sara tpalat

Feb 19, 2011

Yes, It is going to be a big issue wherein there going to be riots and atrocities. The population growth to be controlled. It is obvious that if the current situation continuous, the need for food is going to be more. A long term policy focusing on the population growth to be implemented by all nations.


ronodeep das

Feb 17, 2011

india is unlikely to face "food crisis" as a result of production. supply shortages, may arise due to distribution bottlenecks,which is infrastructure centric, that needs to adressed as a matter of policy...



Feb 16, 2011

Food scarcity is a genuine issue which every nation should address urgently. But, I don't quite agree with the Oil price prediction for the next decade. I am almost certain alternative energy would be in place by the middle of this decade. Did the so called experts and consultants in the U.S and Europe predict the downturn that began in 2006/2007 !!! Not at all.


zephyrine goveas

Feb 15, 2011

The doomsday scenarios have been painted time and again on the one side and on the other you exhort the readers to invest through your Value Pro, Hidden Treasure etc recommendations. India has enormous potential to expand agricultural output. There was more hunger in India in the 70's with less population, than now with one billion plus population. In the 70's, there was guest control order in Mumbai whereby one could not have lavish celebrations including wedding receptions. It was difficult to get bread (pav). If there are hungry people now, the reason is wastage. The food wasted alone can feed millions in India. One should analyse how the well to do waste food in India. The amount of food wated at weddings and other functions is shameful. So, the need of the hour is to have guest control order even now, so that the enormous food that is being wasted at thousands of weddings and other functions especially by the well to do can be avoided. The price of food also will come down.


Sunil Godse

Feb 15, 2011

I agree. Food security is a world wide problem. Please look at presentation on IDFC Web site.Food Security. Hunger Not a choice.


china PK usa

Feb 15, 2011

china or chinese do not like war£¬all about u know i guess u heard from voa£¬chinese target suspass USA in next decades



Feb 15, 2011

A major crisis is indeed brewing with regard to high food prices. India is not onlyhaving to feed more mouths but are mouths are also looking for better quality food and higher protein as our disposable incomes have increased.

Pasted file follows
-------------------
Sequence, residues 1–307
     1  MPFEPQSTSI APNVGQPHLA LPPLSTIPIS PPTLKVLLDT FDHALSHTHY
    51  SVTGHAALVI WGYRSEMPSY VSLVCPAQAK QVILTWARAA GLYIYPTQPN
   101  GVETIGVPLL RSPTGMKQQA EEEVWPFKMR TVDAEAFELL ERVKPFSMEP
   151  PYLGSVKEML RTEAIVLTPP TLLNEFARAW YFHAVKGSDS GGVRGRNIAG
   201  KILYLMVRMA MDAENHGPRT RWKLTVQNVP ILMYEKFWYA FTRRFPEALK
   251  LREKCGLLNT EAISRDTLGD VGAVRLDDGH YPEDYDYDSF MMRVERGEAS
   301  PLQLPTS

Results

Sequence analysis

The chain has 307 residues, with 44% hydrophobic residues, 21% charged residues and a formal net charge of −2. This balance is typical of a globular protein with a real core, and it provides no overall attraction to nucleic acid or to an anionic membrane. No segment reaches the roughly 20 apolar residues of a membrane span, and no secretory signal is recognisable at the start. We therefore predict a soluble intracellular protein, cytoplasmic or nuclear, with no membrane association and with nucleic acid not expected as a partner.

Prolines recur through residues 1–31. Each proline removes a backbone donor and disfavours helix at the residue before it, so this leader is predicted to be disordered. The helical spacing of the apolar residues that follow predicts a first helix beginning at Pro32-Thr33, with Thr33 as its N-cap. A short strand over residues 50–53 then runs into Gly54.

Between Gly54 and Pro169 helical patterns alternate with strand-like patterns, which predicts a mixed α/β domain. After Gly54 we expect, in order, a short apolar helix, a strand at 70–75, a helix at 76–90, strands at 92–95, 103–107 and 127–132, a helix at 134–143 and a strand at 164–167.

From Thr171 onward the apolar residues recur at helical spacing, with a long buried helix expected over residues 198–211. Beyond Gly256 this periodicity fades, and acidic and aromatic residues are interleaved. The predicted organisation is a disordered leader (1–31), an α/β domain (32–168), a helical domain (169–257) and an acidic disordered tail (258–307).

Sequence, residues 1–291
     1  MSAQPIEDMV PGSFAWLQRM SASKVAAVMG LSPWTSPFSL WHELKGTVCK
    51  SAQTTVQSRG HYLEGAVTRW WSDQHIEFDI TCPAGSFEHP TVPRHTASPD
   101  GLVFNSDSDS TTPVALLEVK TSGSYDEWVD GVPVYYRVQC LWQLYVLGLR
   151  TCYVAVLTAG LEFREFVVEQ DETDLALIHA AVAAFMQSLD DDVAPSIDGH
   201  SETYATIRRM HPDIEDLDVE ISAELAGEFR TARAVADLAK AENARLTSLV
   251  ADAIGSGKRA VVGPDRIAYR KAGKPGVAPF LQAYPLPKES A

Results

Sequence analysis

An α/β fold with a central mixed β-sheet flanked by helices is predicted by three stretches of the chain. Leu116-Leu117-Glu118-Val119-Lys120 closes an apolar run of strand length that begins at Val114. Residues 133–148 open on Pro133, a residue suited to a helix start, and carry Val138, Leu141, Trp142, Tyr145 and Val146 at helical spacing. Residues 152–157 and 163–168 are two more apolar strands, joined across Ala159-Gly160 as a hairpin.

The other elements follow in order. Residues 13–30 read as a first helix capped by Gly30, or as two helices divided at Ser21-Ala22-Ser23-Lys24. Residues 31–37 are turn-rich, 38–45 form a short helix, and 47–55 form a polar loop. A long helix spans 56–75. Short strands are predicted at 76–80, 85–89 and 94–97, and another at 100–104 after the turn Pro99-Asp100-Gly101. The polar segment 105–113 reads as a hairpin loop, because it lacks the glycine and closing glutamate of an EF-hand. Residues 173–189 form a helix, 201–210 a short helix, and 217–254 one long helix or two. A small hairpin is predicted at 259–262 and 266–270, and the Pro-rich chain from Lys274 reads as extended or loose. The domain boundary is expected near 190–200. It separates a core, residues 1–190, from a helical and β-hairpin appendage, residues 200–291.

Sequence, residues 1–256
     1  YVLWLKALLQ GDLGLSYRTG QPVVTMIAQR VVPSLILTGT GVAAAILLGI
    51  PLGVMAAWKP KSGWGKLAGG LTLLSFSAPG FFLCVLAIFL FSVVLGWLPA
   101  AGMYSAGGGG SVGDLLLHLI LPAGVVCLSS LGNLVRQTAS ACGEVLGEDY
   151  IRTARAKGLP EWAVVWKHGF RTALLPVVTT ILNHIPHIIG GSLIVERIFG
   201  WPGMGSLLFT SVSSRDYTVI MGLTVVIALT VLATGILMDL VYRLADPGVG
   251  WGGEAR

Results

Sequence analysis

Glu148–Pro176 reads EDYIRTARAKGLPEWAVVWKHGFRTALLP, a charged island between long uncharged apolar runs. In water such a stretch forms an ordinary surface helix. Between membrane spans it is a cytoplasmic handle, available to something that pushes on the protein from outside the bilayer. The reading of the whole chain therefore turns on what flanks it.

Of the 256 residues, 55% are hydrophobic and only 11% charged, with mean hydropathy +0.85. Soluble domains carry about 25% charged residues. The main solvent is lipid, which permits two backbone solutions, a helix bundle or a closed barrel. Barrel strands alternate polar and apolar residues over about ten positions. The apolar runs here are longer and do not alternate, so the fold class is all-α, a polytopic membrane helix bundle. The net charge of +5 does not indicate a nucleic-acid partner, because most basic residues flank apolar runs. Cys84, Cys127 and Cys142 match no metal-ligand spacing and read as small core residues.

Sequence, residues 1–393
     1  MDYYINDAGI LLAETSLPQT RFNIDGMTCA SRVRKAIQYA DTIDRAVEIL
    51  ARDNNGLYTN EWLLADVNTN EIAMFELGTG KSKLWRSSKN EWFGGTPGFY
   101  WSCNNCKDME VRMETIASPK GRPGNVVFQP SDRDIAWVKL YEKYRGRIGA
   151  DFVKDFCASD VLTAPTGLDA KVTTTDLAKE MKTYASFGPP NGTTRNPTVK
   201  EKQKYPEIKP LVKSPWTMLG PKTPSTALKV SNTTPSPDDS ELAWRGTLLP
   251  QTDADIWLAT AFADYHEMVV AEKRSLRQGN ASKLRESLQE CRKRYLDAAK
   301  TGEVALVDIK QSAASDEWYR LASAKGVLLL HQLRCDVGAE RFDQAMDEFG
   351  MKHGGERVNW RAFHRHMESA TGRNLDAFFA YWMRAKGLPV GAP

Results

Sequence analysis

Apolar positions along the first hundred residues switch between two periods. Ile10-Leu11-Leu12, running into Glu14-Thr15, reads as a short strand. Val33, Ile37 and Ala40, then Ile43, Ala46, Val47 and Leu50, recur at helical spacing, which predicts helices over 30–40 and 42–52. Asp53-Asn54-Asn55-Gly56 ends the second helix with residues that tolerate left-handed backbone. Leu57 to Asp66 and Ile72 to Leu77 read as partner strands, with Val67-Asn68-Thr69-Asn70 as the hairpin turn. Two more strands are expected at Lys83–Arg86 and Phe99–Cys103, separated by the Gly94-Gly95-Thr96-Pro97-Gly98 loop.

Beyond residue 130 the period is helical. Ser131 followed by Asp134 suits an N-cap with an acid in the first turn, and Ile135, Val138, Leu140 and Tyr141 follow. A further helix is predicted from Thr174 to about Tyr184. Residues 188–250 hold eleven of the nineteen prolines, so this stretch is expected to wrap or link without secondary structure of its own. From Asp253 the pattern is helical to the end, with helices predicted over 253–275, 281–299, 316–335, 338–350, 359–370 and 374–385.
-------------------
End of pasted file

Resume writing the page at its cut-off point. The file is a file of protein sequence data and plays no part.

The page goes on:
Our food production is woefully inadequate with obsolete agricultural practices, poor storage and handling. The problem is further compounded due to purchasing by the food processing industry, online commodity trading making basic food prices expensive. Further government purchases at market price and resale through the public distribution cycle at subsidized prices compound the problem.
In addition very few of the current and future generation are likely to take up agriculture as it is seen as boring in comparison to the IT industry.

We do have a major food crisis on hand happening right now and it is time for the government to act NOW.


Anupam Garg

Feb 15, 2011

it is quite obvious that rising food and energy prices will lead to crisis. i hav personally given up on hope of govt stepping in & saving us. It is now upto the people of the country to do adequate planning on their own & save themselves from the clutches of inflation.


Ashok Lele

Feb 15, 2011

Statistic about population & food security are perfect.Our rulers are planning haphazardly, for instance setting up of SUPER THERMAL POWER projects.Many are planned & will be operational after 5 to 10 years from now.Availability of COAL will be a problem. This has came in ET recently (Read comments by Shreeprakash Jaiswal minister in charge of coal & mines.Billions of Rs. investment in Ultra mega power projects ! Nobody is speaking about curtailing population which will pose serious threat to our "MERA BHARAT MAHAN" Agricultural land is converted into Industrial hubs known as SEZ ! Cannot comment on many other issues.Let us pray GOD to save AAM AADMEE ....


Kirti Shah

Feb 15, 2011

This article has rightly alarmed Asian countries & in particuler India.Poverty(food) can lead the situation beyond imigination.Food and high inflation must be upper most in the mind of Goverment,failing which situation may take ugly turn.Hope good sense prevail.